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"In 2021, my prediction is that we're all going to be working out from home and outside a lot more (depending on where you live of course!). Luckily for us in Atlanta, the warmer climate allows us to utilize the outdoors during the colder seasons, which means we’re still able to do SoulOutside! We're seeing everyone get really creative and offering many safe options for everyone to participate in, and it has been fun seeing all the new ways of taking workout classes." — Savannah Butler, senior SoulCycle instructor in Atlanta

17. Shorter Online Classes

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"We're getting a lot of feedback that it's difficult to do one-hour classes online. Shorter, snackable classes are more accessible for people's schedules and online attention spans." — Jones

18. An Emphasis on Community

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"The workouts I see gaining popularity would be less of a specific type of workout and more so workouts that bring the community feel to life. With everyone working out from home, people really want to have that sense of community—a team that is supportive, an instructor that is leading and motivating, and results you see via your own home. There's still a stigma around working out over the computer, but without them, we would've never experienced just how effective workouts from home are!" — Butler

"One thing that online classes and Zooms have allowed for is people to practice with us who might never have had the chance because of geographical location. Even when the world opens back up, we foresee students wanting to continue to practice with teachers they love who don't live near them." — Chloe Kernaghan, co-founder of Sky Ting

19. Family Fitness

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"We're seeing a lot of people practicing with their parents, kids, and even grandparents! I think we'll be seeing a lot more classes online geared toward the whole family." — Jones

20. Audio Classes

"A lot of our students say they do not look at the screen when doing our classes—they simply listen to the audio. Screen fatigue is a real thing, and we think wellness brands will be adapting their content to have an audio-only option." — Jones

21. Accessible Price Points

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"Online monthly subscriptions are much more affordable than the cost of brick-and-mortar studio classes (at least in NYC!). This means more people can access and commit to a regular practice. We've been playing with tiered pricing in our higher-ticket items like trainings and courses to continue to make offerings more accessible. We hope to see this mindset across the board with wellness platforms." — Kernaghan

22. New Goals and Perspectives

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"I think workout culture is becoming less about obsessing over making your body look a certain way and more about personal health and wellness. People are more curious and open to trying new types of movement and learning about how different workouts leave your body in different states. And for a lot of us, we don't need to add more stress into our routines but actually feel better when we allow ourselves to restore." — Kernaghan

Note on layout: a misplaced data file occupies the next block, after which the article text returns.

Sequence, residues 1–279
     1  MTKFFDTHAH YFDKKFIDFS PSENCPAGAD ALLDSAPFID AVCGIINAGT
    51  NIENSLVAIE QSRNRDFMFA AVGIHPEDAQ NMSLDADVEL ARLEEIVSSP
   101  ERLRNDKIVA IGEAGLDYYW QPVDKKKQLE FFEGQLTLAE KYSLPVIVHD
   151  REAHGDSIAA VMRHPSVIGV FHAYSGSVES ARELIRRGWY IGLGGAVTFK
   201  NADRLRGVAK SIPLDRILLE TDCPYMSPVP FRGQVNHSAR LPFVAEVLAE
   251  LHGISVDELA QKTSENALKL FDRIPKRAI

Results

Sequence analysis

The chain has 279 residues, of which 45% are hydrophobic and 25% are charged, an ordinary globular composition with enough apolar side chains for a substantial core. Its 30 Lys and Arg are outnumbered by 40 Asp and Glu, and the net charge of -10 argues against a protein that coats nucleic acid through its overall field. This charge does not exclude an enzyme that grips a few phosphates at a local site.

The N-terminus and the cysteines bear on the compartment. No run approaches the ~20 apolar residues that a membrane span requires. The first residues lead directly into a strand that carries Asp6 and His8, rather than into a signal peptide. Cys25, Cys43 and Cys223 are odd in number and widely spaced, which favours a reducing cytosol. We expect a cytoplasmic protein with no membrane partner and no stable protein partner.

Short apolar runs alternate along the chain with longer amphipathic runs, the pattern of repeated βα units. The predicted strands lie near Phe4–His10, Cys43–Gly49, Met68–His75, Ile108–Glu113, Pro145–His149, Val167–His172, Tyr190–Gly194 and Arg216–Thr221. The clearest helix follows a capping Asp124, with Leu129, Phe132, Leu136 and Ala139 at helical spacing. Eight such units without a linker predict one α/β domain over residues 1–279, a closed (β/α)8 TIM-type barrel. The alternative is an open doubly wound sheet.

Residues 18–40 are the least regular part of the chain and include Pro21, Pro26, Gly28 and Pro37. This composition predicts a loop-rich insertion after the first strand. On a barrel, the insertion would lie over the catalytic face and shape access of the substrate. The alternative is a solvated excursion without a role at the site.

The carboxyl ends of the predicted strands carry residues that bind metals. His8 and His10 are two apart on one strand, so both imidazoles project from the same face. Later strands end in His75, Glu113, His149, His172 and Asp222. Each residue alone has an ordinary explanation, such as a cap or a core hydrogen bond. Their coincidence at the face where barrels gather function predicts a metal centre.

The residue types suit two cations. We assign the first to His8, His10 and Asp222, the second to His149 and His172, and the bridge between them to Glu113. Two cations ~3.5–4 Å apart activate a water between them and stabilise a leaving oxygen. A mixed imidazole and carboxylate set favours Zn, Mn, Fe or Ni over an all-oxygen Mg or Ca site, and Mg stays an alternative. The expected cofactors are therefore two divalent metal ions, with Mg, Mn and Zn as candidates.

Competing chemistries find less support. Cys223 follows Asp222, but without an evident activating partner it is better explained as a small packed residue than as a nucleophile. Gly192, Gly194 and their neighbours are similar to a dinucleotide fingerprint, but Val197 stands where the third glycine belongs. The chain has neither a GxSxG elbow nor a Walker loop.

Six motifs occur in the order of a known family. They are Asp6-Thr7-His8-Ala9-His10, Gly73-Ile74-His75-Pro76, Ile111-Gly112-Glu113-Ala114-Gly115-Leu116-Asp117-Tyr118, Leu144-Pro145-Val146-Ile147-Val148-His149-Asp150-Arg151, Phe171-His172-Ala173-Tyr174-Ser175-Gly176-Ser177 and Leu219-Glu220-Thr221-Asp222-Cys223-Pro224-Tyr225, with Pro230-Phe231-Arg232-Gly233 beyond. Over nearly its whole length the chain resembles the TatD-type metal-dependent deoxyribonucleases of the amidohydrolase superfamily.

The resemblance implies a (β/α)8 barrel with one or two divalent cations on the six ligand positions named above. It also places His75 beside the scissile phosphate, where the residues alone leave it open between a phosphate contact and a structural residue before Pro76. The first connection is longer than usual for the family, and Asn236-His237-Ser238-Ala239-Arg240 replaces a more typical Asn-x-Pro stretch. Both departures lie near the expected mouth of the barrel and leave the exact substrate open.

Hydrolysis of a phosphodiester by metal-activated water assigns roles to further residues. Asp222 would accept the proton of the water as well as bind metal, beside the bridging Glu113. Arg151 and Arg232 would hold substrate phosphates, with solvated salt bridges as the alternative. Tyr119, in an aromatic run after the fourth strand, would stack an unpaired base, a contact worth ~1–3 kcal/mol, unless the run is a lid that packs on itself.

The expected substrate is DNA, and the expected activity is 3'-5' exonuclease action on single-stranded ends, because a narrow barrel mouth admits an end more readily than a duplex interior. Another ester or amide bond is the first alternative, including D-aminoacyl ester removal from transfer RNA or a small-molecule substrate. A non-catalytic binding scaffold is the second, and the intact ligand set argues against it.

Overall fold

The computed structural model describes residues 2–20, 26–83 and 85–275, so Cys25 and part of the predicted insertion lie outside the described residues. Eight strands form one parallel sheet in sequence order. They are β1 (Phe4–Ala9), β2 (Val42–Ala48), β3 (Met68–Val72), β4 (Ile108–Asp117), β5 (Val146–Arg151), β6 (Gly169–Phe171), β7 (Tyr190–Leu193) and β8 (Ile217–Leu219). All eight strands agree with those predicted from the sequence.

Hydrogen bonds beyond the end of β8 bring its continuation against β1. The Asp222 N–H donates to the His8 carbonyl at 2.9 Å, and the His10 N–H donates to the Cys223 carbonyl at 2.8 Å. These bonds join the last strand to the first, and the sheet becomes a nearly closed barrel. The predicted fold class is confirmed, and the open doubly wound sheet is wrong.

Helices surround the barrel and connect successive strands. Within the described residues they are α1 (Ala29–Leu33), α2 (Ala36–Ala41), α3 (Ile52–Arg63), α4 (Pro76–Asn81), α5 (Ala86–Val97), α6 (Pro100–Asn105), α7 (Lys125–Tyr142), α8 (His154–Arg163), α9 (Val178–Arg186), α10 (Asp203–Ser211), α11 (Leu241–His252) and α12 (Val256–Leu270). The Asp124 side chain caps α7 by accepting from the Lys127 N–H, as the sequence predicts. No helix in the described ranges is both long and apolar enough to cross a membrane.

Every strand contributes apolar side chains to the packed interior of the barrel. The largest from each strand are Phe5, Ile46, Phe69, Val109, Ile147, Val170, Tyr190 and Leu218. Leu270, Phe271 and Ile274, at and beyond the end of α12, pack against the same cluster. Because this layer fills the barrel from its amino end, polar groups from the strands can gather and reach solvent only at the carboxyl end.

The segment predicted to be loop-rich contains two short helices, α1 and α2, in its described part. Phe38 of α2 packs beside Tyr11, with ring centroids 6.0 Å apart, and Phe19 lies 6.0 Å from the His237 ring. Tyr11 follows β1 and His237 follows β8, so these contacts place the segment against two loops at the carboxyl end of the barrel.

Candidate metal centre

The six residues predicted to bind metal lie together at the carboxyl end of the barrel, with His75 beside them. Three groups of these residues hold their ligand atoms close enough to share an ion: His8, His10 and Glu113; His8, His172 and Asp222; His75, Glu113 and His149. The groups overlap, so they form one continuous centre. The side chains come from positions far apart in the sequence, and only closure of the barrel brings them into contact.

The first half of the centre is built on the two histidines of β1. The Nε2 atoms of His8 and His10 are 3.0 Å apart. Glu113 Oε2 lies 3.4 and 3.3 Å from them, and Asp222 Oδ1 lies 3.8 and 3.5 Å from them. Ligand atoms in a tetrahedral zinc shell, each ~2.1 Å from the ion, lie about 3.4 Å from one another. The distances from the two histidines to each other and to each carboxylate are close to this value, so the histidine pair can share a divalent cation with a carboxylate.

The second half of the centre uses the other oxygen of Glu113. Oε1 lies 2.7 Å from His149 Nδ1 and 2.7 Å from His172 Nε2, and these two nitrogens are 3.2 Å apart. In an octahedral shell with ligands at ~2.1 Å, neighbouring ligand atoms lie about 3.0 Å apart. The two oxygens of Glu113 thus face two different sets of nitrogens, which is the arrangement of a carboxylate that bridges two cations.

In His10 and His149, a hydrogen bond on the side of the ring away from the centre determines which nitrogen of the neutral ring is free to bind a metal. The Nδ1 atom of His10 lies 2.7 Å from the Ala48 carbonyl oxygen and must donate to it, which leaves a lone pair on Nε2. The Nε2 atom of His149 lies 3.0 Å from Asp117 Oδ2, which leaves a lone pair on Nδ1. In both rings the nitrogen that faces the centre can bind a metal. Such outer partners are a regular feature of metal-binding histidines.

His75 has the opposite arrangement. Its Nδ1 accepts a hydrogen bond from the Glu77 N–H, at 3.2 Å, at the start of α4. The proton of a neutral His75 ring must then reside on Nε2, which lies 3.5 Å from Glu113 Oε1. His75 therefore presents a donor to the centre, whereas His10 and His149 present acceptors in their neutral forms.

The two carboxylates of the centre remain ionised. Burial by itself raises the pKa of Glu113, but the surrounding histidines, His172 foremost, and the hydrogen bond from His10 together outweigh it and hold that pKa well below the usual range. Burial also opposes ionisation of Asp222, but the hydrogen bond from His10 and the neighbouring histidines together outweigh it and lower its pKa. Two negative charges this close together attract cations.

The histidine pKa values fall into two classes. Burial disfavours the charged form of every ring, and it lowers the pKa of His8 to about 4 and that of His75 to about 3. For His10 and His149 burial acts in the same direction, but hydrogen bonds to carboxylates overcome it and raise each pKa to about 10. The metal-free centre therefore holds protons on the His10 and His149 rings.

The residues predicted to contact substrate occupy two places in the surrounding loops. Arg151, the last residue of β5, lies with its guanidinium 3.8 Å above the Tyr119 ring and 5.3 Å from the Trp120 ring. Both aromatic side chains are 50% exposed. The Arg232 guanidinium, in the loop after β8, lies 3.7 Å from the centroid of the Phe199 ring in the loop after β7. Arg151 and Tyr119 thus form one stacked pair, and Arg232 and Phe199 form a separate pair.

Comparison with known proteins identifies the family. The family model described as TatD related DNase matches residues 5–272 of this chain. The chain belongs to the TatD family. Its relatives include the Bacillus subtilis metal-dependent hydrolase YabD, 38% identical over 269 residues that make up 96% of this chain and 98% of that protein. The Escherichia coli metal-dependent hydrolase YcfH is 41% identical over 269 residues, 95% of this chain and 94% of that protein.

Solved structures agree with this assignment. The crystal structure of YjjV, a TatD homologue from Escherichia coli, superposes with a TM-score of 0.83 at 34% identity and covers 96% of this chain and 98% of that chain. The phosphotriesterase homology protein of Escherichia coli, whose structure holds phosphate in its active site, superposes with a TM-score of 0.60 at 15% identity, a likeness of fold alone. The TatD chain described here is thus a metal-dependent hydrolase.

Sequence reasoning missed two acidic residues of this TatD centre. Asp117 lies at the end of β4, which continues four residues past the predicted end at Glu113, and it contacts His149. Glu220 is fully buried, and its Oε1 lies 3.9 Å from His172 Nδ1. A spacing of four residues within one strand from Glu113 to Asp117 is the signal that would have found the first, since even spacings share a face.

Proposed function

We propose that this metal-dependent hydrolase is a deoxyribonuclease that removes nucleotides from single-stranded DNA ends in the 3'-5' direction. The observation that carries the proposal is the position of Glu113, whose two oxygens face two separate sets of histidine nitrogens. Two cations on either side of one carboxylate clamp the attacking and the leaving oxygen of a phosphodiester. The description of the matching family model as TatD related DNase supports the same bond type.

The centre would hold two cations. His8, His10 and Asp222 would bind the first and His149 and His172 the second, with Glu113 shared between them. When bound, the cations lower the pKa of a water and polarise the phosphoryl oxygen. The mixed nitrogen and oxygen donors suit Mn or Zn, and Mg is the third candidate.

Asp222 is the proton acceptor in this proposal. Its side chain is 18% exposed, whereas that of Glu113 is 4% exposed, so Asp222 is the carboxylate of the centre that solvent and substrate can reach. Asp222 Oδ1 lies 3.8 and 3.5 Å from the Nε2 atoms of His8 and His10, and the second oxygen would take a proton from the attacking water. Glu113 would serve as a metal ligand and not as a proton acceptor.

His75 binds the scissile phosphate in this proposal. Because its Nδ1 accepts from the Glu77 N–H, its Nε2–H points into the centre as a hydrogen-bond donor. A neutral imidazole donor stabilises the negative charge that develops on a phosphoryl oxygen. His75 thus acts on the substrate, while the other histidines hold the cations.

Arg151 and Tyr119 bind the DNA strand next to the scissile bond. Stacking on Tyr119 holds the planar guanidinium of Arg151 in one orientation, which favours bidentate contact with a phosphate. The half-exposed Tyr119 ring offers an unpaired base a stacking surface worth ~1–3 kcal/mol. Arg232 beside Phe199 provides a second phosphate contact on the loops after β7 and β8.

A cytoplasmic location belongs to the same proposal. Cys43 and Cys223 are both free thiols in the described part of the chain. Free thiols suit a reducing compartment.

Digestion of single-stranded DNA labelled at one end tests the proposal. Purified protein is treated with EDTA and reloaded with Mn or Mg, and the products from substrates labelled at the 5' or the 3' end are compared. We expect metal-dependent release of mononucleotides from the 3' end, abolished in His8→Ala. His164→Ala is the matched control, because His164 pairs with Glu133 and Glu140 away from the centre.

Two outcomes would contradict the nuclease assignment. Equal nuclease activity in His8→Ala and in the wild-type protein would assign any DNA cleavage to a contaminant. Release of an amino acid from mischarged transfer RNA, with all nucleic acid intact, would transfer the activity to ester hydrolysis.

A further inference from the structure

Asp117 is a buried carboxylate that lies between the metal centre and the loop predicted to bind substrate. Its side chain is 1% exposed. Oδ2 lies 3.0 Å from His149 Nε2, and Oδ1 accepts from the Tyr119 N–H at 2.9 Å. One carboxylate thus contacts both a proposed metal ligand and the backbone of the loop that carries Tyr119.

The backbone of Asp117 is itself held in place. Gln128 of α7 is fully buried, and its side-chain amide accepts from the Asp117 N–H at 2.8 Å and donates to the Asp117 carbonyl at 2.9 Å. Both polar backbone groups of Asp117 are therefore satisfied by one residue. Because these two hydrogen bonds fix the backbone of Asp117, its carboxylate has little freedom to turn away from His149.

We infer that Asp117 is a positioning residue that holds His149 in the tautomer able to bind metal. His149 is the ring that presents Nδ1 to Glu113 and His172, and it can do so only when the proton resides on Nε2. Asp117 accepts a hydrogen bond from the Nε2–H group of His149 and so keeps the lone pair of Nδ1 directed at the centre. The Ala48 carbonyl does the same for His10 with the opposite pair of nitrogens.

Women's and Sexual Health

23. Focus on Hormonal Health

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"With the pandemic and massive change in day-to-day living adding a huge stress burden to everyone's lives, women, in particular, have been experiencing an increase in severity of hormonal health issues. Increased cortisol from stress and dysregulated insulin from changes in diet create an internal environment where ovulation, menstruation, fertility, libido, and mood all become more disrupted and symptomatic. And with everyone staying at home, women have had more time to observe their symptoms and truly want to do something about it. In addition, there has been an explosion in the conversation around the long-term issues with hormonal birth control as a 'fix' for hormone issues. I think in 2021 we'll see a shift in the conversation around women's hormonal issues away from the historical 'confused and accepting suffering' narrative to a new normal of 'informed and taking action.' One way to get started on becoming informed and to take actions around your symptoms is to track your cycle." — Alisa Vitti, founder of FloLiving (a modern hormone healthcare company) and author of WomanCode and In the Flo

24. Cycle Syncing

"In 2020, I wrote the first book ever that discusses the female infradian rhythm and its impact on every system of her body: In the Flo. Even the U.S. women's soccer team now trains their female athletes according to this updated understanding of women's biology and biological rhythm. The book also describes the new method that tens of thousands of women are turning to lose weight, boost energy, clear skin, reduce PMS, reduce stress, and increase productivity: the Cycle Syncing Method. There are three pillars—diet, fitness, and time management—based on the infradian rhythmic effect on metabolism, hormones, and brain chemistry. It allows women to biohack in a way that actually factors in their actual biology so they get the results they deserve. It is essential for women to change their caloric intake and their workout intensity in order to optimize their biology across the month. Doing anything else leads to imbalance—period. Learn more here and here." — Vitti